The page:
Commuting to work via the Long Island Rail Road is exasperating and expensive—add on the stress of parking and the threat of tickets and it becomes madness.
At the Westbury train station, there are 637 spaces spread over two lots. The lot on the north side of the station is owned by the village (325 spots) and the one on the south side (312 spots) is owned by the MTA/LIRR and leased out to a private operator, according to village of Westbury mayor Peter Cavallaro. There are also approximately 50 additional curbside metered spaces around the lots that commuters can use with their village permits.Village residents can get a yearly parking permit for $65; for non-residents it’s $300. Parking in the privately owned lot costs $3 a day.
And though more than 600 spots may sound like plenty, the sheer volume of passengers commuting from the station makes every morning a mad dash for parking. If you’re there after 8 a.m., forget about finding a spot close to the station.
“It’s a pain in the neck. If you’re here after 8, the [village lot] is full and you have to park at the meter. It was fine until they gave stickers to non-residents,” said village resident William Joseph.
Salisbury resident Carmela Benti usually gets to the train station before 7 a.m. She said parking is easy at that time, but because she’s not a village resident, she has to park farther away.
“I used to be able to park closer, I think it should be first come first serve. I don’t want front row, but I want to be in the middle. For $300 a month, I shouldn’t have to be in the back,” Benti said.
Cavallaro noted that he personally hasn’t heard any complaints about a lack of parking in the village lot.
“During a few days, typically around the holidays and in the beginning of September, some of our permit holders have to park at the metered spaces, but on most days, the lot is not completely full. You may not always get the spot you want and have to walk a little farther, but there’s usually spots [open] during all times of the day,” said Cavallaro.
Cavallaro noted that the village is actively exploring the possibility of adding parking with a parking deck on either the south or north side. Westbury was recently part of a design contest that studied the possibility of such a project.
“The issue would be cost and getting grant money to pay for it,” said Cavallaro.
In Carle Place, commuters face the problem of having no parking lot at all. Residents in homes nearby the station will often find cars lining the streets, much to their frustration.
And commuters aren’t happy with the situation either.
“There is no parking at the station, which makes it very hard to catch trains there,” said Rosemarie Fazio-Norman.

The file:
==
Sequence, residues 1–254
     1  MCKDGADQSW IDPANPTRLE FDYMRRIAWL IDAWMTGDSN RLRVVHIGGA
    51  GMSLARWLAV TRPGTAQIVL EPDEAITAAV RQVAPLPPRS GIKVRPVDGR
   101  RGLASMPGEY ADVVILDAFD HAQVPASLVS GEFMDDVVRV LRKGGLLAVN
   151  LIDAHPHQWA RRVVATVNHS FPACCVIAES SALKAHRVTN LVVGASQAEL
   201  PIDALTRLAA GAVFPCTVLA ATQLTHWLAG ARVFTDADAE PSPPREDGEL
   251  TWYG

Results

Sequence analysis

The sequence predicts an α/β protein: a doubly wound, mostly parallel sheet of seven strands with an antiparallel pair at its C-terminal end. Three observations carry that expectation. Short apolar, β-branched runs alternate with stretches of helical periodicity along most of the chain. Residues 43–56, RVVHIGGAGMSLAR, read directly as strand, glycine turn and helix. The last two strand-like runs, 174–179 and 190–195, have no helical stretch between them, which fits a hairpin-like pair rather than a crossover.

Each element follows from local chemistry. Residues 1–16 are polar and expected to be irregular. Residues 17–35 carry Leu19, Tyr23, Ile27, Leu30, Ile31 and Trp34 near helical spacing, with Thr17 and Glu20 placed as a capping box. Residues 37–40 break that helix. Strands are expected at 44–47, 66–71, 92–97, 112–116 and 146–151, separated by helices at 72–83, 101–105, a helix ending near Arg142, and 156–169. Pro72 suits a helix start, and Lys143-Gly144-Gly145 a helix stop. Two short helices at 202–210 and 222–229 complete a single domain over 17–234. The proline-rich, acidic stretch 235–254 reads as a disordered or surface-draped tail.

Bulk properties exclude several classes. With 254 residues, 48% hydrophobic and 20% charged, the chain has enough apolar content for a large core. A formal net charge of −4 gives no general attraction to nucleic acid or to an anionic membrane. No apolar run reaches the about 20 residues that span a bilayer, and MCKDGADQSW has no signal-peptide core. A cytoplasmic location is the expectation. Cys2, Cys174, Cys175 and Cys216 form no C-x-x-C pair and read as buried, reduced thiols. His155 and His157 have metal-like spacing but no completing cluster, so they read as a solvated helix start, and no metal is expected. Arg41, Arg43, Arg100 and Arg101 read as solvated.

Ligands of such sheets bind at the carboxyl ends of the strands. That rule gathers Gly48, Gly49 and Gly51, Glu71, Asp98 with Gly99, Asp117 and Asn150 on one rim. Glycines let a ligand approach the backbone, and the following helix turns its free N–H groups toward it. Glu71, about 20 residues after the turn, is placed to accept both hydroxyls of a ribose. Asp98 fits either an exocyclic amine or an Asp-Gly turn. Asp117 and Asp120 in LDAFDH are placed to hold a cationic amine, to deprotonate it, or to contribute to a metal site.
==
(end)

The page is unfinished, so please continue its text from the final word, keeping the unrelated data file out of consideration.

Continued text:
“There is no parking at Carle Place, which gives you no choice but to park on the street. If you can find a spot on the street, you will most likely come back to a note on your car from a resident telling you not to park in front of their house,” says Carle Place’s Diana Caprio Seglin. “Not everyone in Carle Place lives walking distance to the station so parking for residents is definitely needed.”
Some Carle Place residents, such as Melissa Pittoni, go to other train stations to avoid the parking hassle.
“I’ve been living in Carle Place since 1999 and [most] of that time, I have been parking and taking the train from Mineola. We pay these high prices for a train ticket and we aren’t even provided with a place to park to take the train,” said Pittoni. “I think it is sad and ridiculous that in all these years the Town of North Hempstead and the LIRR has never thought to fix that situation for residents. I also feel bad for the people who live around the train station and lose parking in front of their own homes to LIRR commuters.”
With the holidays just around the corner, it is only a matter of time before parking lots at train stations across Nassau County get even more crowded.
“People should know that if they are planning to go into the city, parking [around the station] can be a little bit of a problem,” said Long Island Rail Road spokesman Salvatore Arena. “Parking availability becomes more difficult during the holiday season simply because of the volume.”
As holiday shopping starts to pick up, MTA officials say more and more residents will be taking the train into New York City in much larger numbers, typically during its off-peak period. However the MTA says the increased ridership should not impact daily commuters taking the train during peak hours, demand on weekends and off-peak hours tend to spike around the holidays, especially before Christmas.
And Arena said people should not be deterred from taking mass transit. “It’s better to go into the city by train rather than by car,” Arena said. “Even after the morning rush, you tend to have a simpler day if you use mass transit.”